Friday, April 12, 2013

A Crash Every Two Years, Who Is Worried About That?

When I'm hard at work, taking notes say, at a National Transportation Safety Board public forum, I will have my laptop open, my iTouch recording and (busted) be checking my email on my Samsung Galaxy Smartphone. All of these devices are powered by lithium ion batteries, and not just that, but cobalt oxide formulations, one of the more volatile chemistries.


This was noted by none other that the NTSB Chairman Deborah Hersman as she spoke with reporters at the end of day one of the forum focusing on these batteries. The day was filled with facts and included several experts concluding that the technology may be pushing the limits of safety.

"The growth in the mission (of the battery) is substantial," said Glen Bowling of Saft Specialty Battery Group. "We are powering an airplane - the joint strike fighter - something that has never been done before, because it can be done. We are stretching the battery boundries and we have to be careful when we do that."

Surrounded by reporters and their battery powered devices, Hersman acknowledged the problem, "This is a technology that’s out there. The genie is out of the bottle. We’ve got to figure out how to mitigate these risks." 

She is talking about the use of lithium ion batteries on the Boeing 787 Dreamliner, sure. As well as ships, subs, buses and cars. And she's also referring to the shipping of lithium ion batteries as cargo on airplanes.

During the lunch break, I sat with two other aviation writers, Alan Levin of Bloomberg and Matt Wald from The New York Times. Both admitted they were astonished at the amount of press generated by the Dreamliner battery woes and both men have been around long enough for their observations to mean something. But interest slash concern about the risks inherent in  moving the little batteries on pallets in the belly of cargo planes? Not so much.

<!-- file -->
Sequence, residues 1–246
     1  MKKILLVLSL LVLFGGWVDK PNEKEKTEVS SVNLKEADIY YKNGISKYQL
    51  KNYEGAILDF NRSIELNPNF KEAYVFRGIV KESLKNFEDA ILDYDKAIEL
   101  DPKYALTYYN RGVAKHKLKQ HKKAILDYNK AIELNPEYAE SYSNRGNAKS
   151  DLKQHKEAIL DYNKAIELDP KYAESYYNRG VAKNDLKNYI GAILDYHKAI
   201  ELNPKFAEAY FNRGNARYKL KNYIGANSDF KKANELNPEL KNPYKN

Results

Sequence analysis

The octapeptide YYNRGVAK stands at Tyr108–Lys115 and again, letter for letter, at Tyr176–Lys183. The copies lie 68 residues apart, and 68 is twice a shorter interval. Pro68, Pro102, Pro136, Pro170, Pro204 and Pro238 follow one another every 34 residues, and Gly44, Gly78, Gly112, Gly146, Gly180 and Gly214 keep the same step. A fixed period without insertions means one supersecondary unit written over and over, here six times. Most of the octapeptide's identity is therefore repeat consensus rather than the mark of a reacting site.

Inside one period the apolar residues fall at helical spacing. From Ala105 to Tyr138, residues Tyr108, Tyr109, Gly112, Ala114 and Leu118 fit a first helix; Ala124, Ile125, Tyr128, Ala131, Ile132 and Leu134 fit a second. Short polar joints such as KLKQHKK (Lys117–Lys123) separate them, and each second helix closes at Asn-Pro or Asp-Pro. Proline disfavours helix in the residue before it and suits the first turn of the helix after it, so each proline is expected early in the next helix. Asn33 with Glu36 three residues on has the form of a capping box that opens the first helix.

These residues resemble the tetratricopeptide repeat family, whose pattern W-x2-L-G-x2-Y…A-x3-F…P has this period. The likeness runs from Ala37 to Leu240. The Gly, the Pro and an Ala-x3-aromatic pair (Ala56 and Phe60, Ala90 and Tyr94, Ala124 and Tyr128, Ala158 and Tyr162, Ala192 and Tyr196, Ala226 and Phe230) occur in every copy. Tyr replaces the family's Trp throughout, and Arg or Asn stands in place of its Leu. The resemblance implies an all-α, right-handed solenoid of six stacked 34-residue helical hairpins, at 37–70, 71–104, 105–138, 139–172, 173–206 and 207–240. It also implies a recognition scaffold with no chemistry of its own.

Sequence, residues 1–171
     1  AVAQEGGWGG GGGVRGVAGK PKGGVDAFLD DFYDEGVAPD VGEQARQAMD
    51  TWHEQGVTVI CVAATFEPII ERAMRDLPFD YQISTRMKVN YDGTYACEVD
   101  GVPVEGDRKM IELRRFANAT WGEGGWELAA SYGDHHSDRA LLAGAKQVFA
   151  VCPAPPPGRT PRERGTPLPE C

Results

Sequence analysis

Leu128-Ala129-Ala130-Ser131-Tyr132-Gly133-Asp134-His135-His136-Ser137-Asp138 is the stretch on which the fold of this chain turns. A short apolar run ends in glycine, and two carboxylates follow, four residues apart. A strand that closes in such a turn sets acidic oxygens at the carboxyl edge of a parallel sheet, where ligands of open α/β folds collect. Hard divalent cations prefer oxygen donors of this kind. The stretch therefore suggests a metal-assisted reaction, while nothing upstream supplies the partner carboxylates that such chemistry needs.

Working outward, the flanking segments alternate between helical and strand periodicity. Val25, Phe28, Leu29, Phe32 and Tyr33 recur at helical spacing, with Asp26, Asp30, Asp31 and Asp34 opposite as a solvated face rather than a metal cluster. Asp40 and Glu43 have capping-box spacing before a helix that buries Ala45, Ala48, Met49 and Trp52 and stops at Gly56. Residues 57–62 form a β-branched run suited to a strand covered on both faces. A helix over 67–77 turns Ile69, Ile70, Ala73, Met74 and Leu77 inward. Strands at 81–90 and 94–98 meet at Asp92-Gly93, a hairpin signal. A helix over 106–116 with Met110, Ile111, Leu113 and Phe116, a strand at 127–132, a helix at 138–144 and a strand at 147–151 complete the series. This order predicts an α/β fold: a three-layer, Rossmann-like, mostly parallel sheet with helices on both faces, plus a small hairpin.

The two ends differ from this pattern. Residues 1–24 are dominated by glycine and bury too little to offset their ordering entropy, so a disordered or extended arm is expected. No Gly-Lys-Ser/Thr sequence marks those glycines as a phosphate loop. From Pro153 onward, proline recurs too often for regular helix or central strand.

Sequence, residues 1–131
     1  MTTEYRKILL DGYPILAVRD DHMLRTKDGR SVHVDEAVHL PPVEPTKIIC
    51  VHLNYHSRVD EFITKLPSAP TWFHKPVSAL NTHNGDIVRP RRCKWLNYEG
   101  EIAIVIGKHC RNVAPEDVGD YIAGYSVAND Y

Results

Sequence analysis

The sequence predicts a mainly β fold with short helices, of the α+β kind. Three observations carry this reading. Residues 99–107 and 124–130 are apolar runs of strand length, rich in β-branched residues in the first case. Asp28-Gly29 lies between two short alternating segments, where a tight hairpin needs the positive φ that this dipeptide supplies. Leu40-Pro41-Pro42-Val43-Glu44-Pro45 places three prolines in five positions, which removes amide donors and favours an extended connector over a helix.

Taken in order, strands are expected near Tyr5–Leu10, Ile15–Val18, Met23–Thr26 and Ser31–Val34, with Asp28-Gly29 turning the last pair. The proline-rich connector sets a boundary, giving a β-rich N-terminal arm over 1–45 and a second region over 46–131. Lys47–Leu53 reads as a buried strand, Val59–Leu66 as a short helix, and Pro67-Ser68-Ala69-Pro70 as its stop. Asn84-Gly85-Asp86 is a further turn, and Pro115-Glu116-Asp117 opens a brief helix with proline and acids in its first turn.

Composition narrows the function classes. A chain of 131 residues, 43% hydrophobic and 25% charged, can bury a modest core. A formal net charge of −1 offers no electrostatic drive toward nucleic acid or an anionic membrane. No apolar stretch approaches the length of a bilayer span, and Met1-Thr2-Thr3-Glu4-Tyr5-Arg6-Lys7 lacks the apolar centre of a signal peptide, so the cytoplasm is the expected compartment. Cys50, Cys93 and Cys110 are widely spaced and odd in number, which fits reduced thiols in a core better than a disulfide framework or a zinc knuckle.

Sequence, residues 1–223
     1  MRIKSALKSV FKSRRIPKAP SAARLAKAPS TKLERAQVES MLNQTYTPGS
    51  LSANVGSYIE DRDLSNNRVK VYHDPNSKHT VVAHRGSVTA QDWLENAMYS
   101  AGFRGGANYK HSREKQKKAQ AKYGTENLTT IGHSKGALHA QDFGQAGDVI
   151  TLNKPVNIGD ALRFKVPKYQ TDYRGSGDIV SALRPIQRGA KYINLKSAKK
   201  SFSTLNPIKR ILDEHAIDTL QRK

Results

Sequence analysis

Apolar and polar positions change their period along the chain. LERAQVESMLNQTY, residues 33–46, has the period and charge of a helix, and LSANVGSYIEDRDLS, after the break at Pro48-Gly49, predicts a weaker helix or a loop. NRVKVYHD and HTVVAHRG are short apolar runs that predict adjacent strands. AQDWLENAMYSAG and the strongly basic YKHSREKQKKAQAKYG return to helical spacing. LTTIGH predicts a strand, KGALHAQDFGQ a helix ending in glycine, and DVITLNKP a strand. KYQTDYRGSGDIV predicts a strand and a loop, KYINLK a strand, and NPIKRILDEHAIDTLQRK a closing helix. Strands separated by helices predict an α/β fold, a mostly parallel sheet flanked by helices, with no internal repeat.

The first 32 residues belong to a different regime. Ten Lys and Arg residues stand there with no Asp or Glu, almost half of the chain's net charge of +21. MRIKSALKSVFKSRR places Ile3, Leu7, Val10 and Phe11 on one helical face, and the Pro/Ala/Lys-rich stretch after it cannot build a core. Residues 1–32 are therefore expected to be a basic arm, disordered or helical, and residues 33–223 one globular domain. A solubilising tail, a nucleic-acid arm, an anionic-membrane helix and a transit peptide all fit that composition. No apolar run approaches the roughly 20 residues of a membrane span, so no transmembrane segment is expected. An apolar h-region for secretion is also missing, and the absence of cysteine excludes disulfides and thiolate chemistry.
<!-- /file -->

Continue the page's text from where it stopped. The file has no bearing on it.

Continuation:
During her presentation, Janet McLaughlin of the Federal Aviation Administration said new estimates suggest lithium ion batteries can bring down an airplane at the rate of one every two years. (Would you like to pause here to absorb that figure?) 

Cargo being loaded 


Okay, moving on. 

To bring home the point, she showed a video of a fire in a pallet of lithium ion batteries similar to what might be found on a cargo flight. Flames were firing out of the top and sides like Roman candles. 

After the fire on UPS Flight 1307 in 2006 NTSB photo
"We all know that lithium ion is hazardous materials." Ms. McLaughlin told the crowded hearing room in the basement of L'efant Plaza. But what was once about five percent of air cargo, has now increased to something as high as 80 to 85% on certain routes.  "That’s difficult to address." Ms. McLaughlin is a mistress of understatement.  

"What their assessment shows," Hersman said of the FAA's upcoming one-crash-every-two-years report,  "is there is a real risk out there and we need to be paying attention to that." 

Day two of the forum begins shortly. And something tells me, it will be more of the same grim news. I'll blog and tweet so whatever electronic device/s you use,  keep the battery charged and your fingers crossed. 


Post a Comment